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How to stop noise when playing

Rating: 0 user(s) have rated this lesson Posted by: leokisomma, on Jan 29,2011, in category Guitar Techniques Views: this lesson has been read 2207 times
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What's the difference between music and noise? This is the most important question to be asked on the subject of spotting and stopping noise. Noise is a sound that's produced unintentionally by any of your equipment, but doesn't fit in with what you're playing. This can include high pitched squealing, notes being sounded without you intentionally playing them, buzzing sounds or general noise being produced.

Firstly, I will start with a way of cheating, then I'll show you ways to practice and set up your equipment. Most of you will have heard of a noise-gate. What this does it isolate parts of the signal being picked up by you guitar that aren't cleanly produced and makes them quieter. For example, quiet open-string notes are practically silenced. This also stops some of the noise that can be produced when certain amps are placed near other operating electrical devices. This is a good way of getting rid of noise that's coming from your equipment but there is a drawback. A noise-gate will make all notes slightly less pronounced as it can take some of the gain out of the signal as it views some of it as noise; this becomes apparent when you to playing pinched harmonics or in a legato style, as both of the techniques can require the maximum signal and can be interfered with by the noise-gate.

The next way to go about reducing noise is to practice playing as cleanly as possible; this doesn't mean playing without gain, but it means practice getting all the notes you play to be as pronounced as possible. If you play in an alternate picking style then you will have to focus on getting each note played effectively and being able to mute the notes after you've played them when you want them to stop. The same with most techniques, but legato might be slightly trickier for some, as it involves a lot of work from the fretting hand rather than the plucking hand.

The things to focus on in this case are muting the strings above(as you're looking down on the guitar) the strings your playing with the length/meat of your fingers if you can, and muting the strings across the guitar you don't want sounding with the free fingers on your plucking hand or the palm of that hand. This may seem obvious but many people don't acknowledge it, or simply think the strings automatically go quiet instantly. Most of the noise produced when you're playing comes when you change which strings you're playing on(not when you change the strings on your guitar). If you are plucking away at the 5th string then do a run up to the 4th or 3rd strings, you need to silence the strings you're not sounding unless you're making them part of a chord or a drone.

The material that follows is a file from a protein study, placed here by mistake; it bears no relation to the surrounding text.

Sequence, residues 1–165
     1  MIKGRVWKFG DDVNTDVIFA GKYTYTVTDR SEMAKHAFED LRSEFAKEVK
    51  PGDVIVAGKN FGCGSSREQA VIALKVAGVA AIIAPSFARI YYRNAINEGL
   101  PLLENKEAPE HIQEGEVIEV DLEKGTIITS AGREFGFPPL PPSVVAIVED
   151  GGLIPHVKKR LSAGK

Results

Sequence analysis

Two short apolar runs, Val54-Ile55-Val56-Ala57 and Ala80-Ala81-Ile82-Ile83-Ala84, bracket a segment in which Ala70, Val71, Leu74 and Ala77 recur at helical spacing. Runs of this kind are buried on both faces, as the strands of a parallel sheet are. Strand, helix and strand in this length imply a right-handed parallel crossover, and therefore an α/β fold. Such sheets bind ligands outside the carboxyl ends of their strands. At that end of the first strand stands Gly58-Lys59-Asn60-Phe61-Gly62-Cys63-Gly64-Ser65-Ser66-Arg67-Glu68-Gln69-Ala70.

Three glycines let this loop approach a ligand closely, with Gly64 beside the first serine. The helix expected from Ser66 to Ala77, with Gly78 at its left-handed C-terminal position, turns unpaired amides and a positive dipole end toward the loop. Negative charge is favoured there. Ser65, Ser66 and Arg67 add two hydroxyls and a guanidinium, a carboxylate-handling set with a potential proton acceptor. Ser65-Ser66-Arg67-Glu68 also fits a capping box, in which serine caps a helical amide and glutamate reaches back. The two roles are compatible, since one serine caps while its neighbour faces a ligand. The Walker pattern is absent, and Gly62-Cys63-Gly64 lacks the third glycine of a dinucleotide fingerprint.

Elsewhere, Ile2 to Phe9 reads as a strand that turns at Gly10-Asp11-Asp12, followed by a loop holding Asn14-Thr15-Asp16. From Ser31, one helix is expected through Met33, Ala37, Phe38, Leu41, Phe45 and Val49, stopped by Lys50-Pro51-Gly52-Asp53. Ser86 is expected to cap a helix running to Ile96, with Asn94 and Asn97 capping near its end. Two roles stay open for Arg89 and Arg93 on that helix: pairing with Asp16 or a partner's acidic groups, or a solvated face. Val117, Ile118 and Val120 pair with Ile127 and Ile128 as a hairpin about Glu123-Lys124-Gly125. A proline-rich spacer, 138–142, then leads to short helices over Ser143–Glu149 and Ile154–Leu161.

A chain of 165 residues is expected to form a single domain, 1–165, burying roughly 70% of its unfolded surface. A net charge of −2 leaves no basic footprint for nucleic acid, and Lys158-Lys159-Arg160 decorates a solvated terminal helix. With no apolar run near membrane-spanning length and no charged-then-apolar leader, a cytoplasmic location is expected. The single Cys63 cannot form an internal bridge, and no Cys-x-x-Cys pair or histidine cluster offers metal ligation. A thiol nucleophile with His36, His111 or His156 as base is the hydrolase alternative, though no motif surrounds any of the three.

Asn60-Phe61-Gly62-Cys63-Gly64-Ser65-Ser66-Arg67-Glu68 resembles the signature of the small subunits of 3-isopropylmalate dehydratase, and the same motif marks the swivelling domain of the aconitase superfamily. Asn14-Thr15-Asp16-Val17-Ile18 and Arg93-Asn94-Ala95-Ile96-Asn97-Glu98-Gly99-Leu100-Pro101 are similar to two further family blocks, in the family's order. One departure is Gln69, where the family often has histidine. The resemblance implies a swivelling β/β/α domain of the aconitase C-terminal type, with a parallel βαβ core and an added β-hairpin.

Here are a few exercises to help you with this technique. All exercises are in the key of E.

Tab key:-

--4-- = pluck the string shown while fretting the string on the fret numbered

--h6- = hammer-on your finger onto the string on the fret numbered, doesn't require the string to be plucked

 --p2- = pull-off your finger from the string shown to sound a note while fretting the string on the fret numbered

-8b9- = luck the string shown while fretting the string on the fret numbered, then bend the string until the note sounded becomes the same as the note sounded on the fret shown to the right of the b. E.g., 8b9 means pluck the string while fretting the string on the 8th fret, then bend the string one semitone/one fret higher in pitch.

-8b9r8- = same a regular bend but allow string to return to regular position on fret numbered; think of b as meaning bend, and r as meaning relax

--t12- = tap on the fret numbered firmly with one of the fingers in your plucking hand

-t9r5- = tap on the fret numbered firmly with one of the fingers in your plucking hand then release your finger from the string either by simply pulling it off or twanging it, but fret the string on the fret numbered to sound that note after the finger tapping the string has been removed

-mb7- = bend the string slightly after plucking the string number shown, but don't bend it so that raises the note in pitch by a fret.

/ = Slide finger(s)up the fretboard to the fret shown

\ = Slide finger(s)down the fretboard to the fret shown

--9v- = use vibrato by wavering the string up and down by bending it to get a sort of wavy sound

Exercise 1: Up and down the natural minor scale


Exercise 2: Up and down the natural Major scale

Exercise 3: Shimmy up and down the natural minor scale

Exercise 4: Shimmy up and down the natural major scale

You don't have to play all the slides and hammer-ons and slides and pull-offs if you don't want to but this a good way of making sure that you are playing as cleanly as possible as there are numerous string jumps involved in these exercises. If you can get through these with as little noise as possible Then you're doing quite well.
Finally a cheap trick that I learned from Guthrie Govan. If you find noise is still a problem, by a small hairband, slip it over the head of your guitar and rest it on the strings of your guitar behind the nut(not resting on the fretboard). This means there's less noise produced, and if you really want to cut down the noise slip the hairband onto the fretboard to mute the strings further. Be aware that this will practically silence notes lower than the fret the hairband is on, but slipping it to either just on the fretboard or just off it should do the trick.

Bet you weren't expecting me to tell you to use a hairband when you're playing were you? Maybe Guthrie was, but he's a far better teacher than me. Hope this has helped some of you out there.

Let me know if you have any trouble or questions. See you next time!


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